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Roswitha Hecke (born 1944 in Hamburg) is a German photographer and photojournalist. With content ranging from faces to places, her photographic projects explore the unfamiliar and re-examine the familiar.
Hecke wanted to become a photographer from the time she was a teenager. The daughter of a teacher, she had never before held a camera in her hands, but one morning, she woke up one knowing that she needed to take photos. After a three-year apprenticeship as a photographer, Hecke became acquainted with the theatrical director Peter Zadek. During the seven years of their relationship, she photographed Zadek’s theatre productions exclusively. This period was followed by shots of many other stage works and films, including productions by Werner Schroeter, Rainer Werner Fassbinder and, in Paris, of Éric Rohmer.
Hecke lived with the German author and poet Wolfgang Wondratscheck and travelled with him around the United States in the 1970s. They published a book together entitled People, Places, Fists. Hecke has portrayed many artists, actors and musicians, including Omar Sharif, Heinz Bennent, Ingrid Caven and Andrés Segovia.
Hecke regards herself as a modern nomad. She has travelled the world: France, Spain, Italy, Turkey, India, Mexico, Peru, USA, Spain, and Switzerland. In Morocco, she lived in a tent for three years . In 2002, she moved to St. Petersburg, where she taught the Masterclass of Photography at the Art Academy.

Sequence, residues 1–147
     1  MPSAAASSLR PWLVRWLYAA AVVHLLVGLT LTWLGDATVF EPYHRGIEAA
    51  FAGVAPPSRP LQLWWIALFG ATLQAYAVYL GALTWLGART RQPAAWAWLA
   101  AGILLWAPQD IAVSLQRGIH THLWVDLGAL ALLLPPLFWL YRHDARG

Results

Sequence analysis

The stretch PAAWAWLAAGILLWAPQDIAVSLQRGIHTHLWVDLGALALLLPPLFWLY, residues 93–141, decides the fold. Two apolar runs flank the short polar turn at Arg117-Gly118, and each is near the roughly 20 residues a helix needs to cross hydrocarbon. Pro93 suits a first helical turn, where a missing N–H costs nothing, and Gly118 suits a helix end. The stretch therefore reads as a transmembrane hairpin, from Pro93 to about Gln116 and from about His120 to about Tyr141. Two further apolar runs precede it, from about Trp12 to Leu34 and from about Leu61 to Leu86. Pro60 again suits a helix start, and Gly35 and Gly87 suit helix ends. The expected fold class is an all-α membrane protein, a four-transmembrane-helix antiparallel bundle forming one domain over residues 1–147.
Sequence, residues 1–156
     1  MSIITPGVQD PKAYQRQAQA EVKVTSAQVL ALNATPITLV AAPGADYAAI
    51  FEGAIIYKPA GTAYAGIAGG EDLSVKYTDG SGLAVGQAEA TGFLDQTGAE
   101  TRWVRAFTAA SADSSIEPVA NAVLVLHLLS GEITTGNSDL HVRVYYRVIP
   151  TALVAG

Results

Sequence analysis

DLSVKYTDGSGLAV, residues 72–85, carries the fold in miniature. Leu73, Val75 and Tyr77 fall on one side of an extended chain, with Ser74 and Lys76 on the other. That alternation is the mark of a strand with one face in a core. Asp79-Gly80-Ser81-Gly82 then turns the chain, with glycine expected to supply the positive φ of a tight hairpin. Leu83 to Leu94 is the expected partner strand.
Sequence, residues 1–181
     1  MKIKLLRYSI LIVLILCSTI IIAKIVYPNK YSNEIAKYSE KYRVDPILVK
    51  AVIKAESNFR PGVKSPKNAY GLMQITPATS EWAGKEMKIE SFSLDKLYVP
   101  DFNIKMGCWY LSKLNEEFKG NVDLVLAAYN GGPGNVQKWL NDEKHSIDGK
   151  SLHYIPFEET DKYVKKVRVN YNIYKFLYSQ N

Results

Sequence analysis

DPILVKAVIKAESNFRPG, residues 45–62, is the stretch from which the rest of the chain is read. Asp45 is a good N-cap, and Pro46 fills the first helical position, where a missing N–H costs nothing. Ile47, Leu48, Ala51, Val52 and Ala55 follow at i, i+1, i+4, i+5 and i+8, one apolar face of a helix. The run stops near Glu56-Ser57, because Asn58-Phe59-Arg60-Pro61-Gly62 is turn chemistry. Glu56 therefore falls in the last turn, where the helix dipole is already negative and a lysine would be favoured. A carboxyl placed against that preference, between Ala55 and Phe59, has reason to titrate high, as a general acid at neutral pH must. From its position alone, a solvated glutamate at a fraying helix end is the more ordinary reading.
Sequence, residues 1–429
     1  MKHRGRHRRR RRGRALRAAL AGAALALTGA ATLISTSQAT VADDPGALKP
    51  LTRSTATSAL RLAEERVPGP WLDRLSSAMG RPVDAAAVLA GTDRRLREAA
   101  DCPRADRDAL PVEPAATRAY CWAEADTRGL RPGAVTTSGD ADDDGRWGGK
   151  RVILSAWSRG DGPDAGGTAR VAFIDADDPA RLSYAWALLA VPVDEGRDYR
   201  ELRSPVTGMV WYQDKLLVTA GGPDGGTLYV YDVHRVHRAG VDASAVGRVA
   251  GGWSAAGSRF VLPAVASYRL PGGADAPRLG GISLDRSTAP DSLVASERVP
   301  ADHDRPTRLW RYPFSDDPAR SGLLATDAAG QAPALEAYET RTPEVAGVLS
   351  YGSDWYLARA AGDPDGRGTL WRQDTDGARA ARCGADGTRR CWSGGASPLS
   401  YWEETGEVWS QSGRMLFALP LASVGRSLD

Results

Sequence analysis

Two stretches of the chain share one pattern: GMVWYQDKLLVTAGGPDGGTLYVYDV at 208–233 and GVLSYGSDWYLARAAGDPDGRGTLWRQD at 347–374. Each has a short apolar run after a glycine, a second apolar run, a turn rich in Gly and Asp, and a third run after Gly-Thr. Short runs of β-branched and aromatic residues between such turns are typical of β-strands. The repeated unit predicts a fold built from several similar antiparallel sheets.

At present, Hecke lives in Hamburg. She has two sons, Said and Ivan.
Hecke was first recognised for her black-and-white photography of theatrical scenes and portraits. In the beginning of the 1970s, she switched to photojournalism and colour photography. Her unstaged photographs explore strange and yet often simple worlds and situations. She is a precise, unprejudiced and sensitive observer. Some of her photo-cycles deal with people living on the edge of society: transvestites, homeless people and prostitutes. Her photos are respectful and do not rob her subjects of their dignity. Another one of her favorite topics is the fascination with the human male as such and all the expressions of machismo. Her work was published by numerous renowned German magazines like Stern, Vogue, Twen, Playboy, Theater heute, Die Zeit, Spiegel, and others.
Her work LoveLife, about the Zurich prostitute Irene, won the 1979 Kodak Prize as best photobook. In 1982, it was awarded the prize as Most beautiful book by the German foundation Stiftung Buchkunst and was published in Norway, the United States and Japan.